The Oxford Handbook of Music Psychology by Susan HallamThe Oxford Handbook of Music Psychology by Susan Hallam

The Oxford Handbook of Music Psychology

EditorSusan Hallam, Ian Cross, Michael Thaut

Hardcover | February 13, 2016

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The 2nd edition of the Oxford Handbook of Music Psychology updates the original landmark text and provides a comprehensive review of the latest developments in this fast growing area of research. Covering both experimental and theoretical perspectives, each of the 11 sections is edited by aninternationally recognised authority in the area. The first ten parts present chapters that focus on specific areas of music psychology: the origins and functions of music; music perception, responses to music; music and the brain; musical development; learning musical skills; musical performance; composition and improvisation; the role of music ineveryday life; and music therapy. In each part authors critically review the literature, highlight current issues and explore possibilities for the future. The final part examines how, in recent years, the study of music psychology has broadened to include a range of other disciplines. It considers the way that research has developed in relation to technological advances, and points the direction for further development in the field. With contributionsfrom internationally recognised experts across 55 chapters, it is an essential resource for students and researchers in psychology and musicology.
Susan Hallam is Professor of Education at the Institute of Education, University of London and currently Dean of the Faculty of Policy and Society. She pursued careers as both a professional musician and a music educator before completing her psychology studies and becoming an academic in 1991 in the department of Educational Psycholog...
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Title:The Oxford Handbook of Music PsychologyFormat:HardcoverDimensions:976 pages, 9.69 × 6.73 × 0.03 inPublished:February 13, 2016Publisher:Oxford University PressLanguage:English

The following ISBNs are associated with this title:

ISBN - 10:019872294X

ISBN - 13:9780198722946

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Table of Contents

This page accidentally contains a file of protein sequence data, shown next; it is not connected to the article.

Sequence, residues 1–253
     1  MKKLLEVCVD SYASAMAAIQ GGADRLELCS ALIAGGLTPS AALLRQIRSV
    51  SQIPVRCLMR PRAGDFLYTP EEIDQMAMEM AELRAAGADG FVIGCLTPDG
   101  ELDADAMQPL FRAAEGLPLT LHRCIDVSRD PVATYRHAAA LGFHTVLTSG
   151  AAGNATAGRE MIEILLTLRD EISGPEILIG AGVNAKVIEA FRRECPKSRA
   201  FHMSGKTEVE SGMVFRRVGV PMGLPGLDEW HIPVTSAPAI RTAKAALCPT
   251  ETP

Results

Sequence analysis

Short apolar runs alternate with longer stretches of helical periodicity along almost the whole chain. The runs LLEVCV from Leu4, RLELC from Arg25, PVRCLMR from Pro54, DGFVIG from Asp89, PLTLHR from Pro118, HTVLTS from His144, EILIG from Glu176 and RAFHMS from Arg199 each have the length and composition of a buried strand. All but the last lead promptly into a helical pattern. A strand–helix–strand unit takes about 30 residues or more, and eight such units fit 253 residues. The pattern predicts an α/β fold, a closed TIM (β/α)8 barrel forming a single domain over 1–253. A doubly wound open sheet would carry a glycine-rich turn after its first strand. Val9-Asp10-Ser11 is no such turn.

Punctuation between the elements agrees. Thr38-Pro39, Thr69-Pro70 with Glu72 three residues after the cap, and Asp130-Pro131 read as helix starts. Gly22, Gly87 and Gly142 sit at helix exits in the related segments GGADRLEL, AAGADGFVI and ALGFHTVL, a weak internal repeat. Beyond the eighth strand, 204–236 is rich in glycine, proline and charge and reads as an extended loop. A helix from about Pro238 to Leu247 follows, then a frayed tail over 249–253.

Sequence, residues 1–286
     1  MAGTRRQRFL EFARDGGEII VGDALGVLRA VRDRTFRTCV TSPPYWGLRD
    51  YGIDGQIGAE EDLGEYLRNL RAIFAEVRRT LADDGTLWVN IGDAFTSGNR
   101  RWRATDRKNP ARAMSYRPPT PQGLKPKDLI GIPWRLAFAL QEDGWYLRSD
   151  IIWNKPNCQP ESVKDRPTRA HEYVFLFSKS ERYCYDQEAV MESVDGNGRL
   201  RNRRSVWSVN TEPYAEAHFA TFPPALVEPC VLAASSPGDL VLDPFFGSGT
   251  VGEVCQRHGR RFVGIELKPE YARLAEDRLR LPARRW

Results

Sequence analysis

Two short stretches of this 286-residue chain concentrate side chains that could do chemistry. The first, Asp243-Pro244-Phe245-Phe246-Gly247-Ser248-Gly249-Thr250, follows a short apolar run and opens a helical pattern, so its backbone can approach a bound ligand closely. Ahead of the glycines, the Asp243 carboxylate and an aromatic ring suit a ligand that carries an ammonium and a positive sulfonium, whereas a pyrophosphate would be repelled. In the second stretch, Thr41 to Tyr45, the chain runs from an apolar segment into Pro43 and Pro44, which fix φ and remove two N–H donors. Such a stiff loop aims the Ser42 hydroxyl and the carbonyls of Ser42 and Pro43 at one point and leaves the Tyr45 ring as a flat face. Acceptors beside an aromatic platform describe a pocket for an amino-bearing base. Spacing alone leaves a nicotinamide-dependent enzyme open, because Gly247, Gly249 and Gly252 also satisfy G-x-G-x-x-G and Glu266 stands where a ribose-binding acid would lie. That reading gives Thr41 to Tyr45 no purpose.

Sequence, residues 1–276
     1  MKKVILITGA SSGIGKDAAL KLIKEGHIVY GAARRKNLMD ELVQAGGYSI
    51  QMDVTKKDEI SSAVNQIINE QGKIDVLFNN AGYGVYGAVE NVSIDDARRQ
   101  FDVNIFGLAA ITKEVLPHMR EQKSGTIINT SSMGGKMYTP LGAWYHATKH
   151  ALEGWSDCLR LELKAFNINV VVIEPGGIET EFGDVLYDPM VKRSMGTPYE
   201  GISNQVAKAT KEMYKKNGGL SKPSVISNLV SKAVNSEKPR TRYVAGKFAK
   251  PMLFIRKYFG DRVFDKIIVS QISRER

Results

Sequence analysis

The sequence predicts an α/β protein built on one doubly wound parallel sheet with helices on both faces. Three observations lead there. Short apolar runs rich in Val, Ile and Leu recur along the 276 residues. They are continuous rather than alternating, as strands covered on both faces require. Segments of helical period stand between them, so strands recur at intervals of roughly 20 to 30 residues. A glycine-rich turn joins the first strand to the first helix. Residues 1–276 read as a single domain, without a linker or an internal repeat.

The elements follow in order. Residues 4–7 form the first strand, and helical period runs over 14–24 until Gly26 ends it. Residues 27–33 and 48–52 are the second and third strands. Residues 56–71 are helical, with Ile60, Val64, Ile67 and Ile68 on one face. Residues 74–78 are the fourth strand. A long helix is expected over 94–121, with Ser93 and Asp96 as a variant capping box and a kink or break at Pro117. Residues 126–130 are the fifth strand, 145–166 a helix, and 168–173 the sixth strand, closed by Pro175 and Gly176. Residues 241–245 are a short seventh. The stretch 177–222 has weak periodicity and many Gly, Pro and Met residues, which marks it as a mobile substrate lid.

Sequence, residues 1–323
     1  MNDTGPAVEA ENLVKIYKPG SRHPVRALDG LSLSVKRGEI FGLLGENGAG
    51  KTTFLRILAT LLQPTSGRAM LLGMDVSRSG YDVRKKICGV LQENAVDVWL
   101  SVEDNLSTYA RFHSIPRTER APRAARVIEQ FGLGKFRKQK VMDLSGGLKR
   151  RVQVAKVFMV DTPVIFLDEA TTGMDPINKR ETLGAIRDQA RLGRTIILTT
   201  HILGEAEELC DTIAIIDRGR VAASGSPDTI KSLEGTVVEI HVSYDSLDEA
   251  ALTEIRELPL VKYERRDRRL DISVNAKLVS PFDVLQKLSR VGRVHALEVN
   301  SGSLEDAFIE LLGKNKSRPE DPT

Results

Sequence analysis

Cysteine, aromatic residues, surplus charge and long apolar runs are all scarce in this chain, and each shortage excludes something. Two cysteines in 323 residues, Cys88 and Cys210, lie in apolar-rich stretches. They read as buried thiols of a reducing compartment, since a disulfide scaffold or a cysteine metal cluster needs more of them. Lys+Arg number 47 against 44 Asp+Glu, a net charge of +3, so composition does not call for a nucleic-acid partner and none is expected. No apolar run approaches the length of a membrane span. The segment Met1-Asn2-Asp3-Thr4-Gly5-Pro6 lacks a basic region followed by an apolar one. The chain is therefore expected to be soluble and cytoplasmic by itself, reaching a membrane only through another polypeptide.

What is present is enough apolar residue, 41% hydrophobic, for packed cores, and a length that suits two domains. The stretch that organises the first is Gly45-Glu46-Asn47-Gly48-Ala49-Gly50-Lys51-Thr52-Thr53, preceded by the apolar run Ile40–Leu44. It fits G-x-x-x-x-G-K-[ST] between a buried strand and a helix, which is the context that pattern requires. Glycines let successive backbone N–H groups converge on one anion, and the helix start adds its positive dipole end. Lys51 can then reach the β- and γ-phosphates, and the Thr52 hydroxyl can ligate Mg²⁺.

Part 1: The origins and functions of music1. Ian Cross: The nature of music and its evolution2. Catherine J. Stevens and Tim Bryon: Universals in music processing: Entrainment, acquiring expectations and learning3. Ian Cross and Elizabeth Tolbert: Music and meaning4. Martin Clayton: The social and personal functions of music in cross-cultural perspectivePart 2: Music perception5. Thomas Stainsby and Ian Cross: The perception of pitch6. Psyche Loui: Absolute pitch7. Emmanuel Bigand and Benedicte Poulin-Charronnat: Tonal cognition8. Stephen McAdams and Bruno L. Giordano: The perception of musical timbre9. Mari Riess Jones: Musical time10. Mark A. Schmuckler: Tonality and contour in melodic processing11. Bob Snyder: Memory for musicPart 3: Responses to music12. Donald A. Hodges: Bodily Responses to Music13. Patrik N. Juslin: Emotional reactions to music14. Alf Gabrielsson: The relationship between musical structure and perceived expression15. David Huron: Aesthetics16. Donald A. Hodges: The neuroaesthetics of music17. Alika Greasley and Alexandra Lamont: Musical preferencesPart 4: Music and the Brain18. Laurel J. Trainor and Robert J. Zatorre: The neurobiology of musical expectations from perception to emotion19. Psyche Loui: Disorders of music cognition20. Simone Dalla Bella: Music and brain plasticity21. Sebastian Jentschke: The relationship between music and language22. Daniel J. Cameron and Jessica A. Grahn: The neuroscience of rhythmPart 5: Musical development23. Richard Parncutt: Prenatal development and the phylogeny and ontogeny of musical behaviour24. Sandra E. Trehub: Infant musicality25. Alexandra Lamont: Music development from the early years onwards26. E. Glenn Schellenberg: Music training and nonmusical abilitiesPart 6: Learning musical skills27. Gary McPherson and Susan Hallam: Musical potential28. Harald Jorgensen and Susan Hallam: Practicing29. Helena Gaunt and Susan Hallam: Individuality in the learning of musical skills30. Susan Hallam: Motivation to learn31. Andrea Creech: The role of the family in supporting learning32. Graham Welch and Adam Ockelford: The role of the institution and teachers in supporting learningPart 7: Musical performance33. Eckart Altenmuller and Shinichi Furuya: Planning and performance34. Andreas Lehmann and Reinhardt Kopiez: Sight reading35. Roger Chaffin, Alexander P. Demos and Topher Logan: Performing from memory36. Jane W. Davidson and Mary C. Broughton: Bodily Mediated Coordination, Collaboration, and Communication in Music Performance37. Patrik N. Juslin and Erik Lindstrom: Emotion in music performance38. Erica Bisesi and W. Luke Windsor: Expression and communication of structure in music performance: measurements and models39. Dianna Theadora Kenny and Bronwen J. Ackermann: Optimizing physical and psychological health in performing musiciansPart 8: Composition and improvisation40. Jonathan Impett: Making a mark: The psychology of composition41. Richard Ashley: Musical Improvisation42. Peter R. Webster: Pathways to the Study of Music Composition by Preschool to Precollege StudentsPart 9: The role of music in our everyday lives43. Alexandra Lamont, Alika Greasley and John Sloboda: Choosing to hear music: motivation, process, and effect44. Annabel J. Cohen: Music in performance arts: Film, theatre and dance45. Alf Gabrielsson, John Whaley and John Sloboda: Peak experiences with music46. David J. Hargreaves, Raymond MacDonald and Dorothy Miell: Musical identities47. Susan Hallam and Raymond MacDonald: The effects of music in community and education settings48. Adrian C. North, David J. Hargreaves and Amanda E. Krause: Music and consumer behaviorPart 10: Music Therapy49. Shannon De l'Etoile: Processes of music therapy: Clinical and Scientific Rationales and Models50. Corene Hurt-Thaut: Clinical Practice in music therapy51. Barabara L. Wheeler: Research in music therapy52. Stefan Mainka, Ralph K. W. Spintge and Michael Thaut: Music Therapy in Medical and Neurological Rehabilitation SettingsPart 11: Conceptual frameworks, research methods and future directions53. Adam Ockelford: Beyond Music Psychology54. Michael Thaut: History and research55. Susan Hallam, Ian Cross and Michael Thaut: Where now?